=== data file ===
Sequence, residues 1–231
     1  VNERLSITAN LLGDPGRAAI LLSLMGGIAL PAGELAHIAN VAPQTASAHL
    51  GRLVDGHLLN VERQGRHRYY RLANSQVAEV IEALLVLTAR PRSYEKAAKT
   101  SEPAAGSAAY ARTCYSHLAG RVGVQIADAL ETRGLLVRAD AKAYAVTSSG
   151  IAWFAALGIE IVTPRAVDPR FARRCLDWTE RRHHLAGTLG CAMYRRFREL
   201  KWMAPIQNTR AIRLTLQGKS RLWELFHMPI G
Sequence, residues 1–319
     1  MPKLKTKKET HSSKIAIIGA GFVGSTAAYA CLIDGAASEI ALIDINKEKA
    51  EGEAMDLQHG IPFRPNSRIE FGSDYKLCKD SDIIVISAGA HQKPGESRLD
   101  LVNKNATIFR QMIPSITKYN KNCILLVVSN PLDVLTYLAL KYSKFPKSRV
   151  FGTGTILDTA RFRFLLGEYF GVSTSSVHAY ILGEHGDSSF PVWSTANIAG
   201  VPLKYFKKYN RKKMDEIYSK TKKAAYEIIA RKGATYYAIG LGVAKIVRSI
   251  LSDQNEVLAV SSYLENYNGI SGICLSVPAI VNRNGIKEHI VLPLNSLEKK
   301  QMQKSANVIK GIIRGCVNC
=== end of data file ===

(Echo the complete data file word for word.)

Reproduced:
Sequence, residues 1–231
     1  VNERLSITAN LLGDPGRAAI LLSLMGGIAL PAGELAHIAN VAPQTASAHL
    51  GRLVDGHLLN VERQGRHRYY RLANSQVAEV IEALLVLTAR PRSYEKAAKT
   101  SEPAAGSAAY ARTCYSHLAG RVGVQIADAL ETRGLLVRAD AKAYAVTSSG
   151  IAWFAALGIE IVTPRAVDPR FARRCLDWTE RRHHLAGTLG CAMYRRFREL
   201  KWMAPIQNTR AIRLTLQGKS RLWELFHMPI G
Sequence, residues 1–319
     1  MPKLKTKKET HSSKIAIIGA GFVGSTAAYA CLIDGAASEI ALIDINKEKA
    51  EGEAMDLQHG IPFRPNSRIE FGSDYKLCKD SDIIVISAGA HQKPGESRLD
   101  LVNKNATIFR QMIPSITKYN KNCILLVVSN PLDVLTYLAL KYSKFPKSRV
   151  FGTGTILDTA RFRFLLGEYF GVSTSSVHAY ILGEHGDSSF PVWSTANIAG
   201  VPLKYFKKYN RKKMDEIYSK TKKAAYEIIA RKGATYYAIG LGVAKIVRSI
   251  LSDQNEVLAV SSYLENYNGI SGICLSVPAI VNRNGIKEHI VLPLNSLEKK
   301  QMQKSANVIK GIIRGCVNC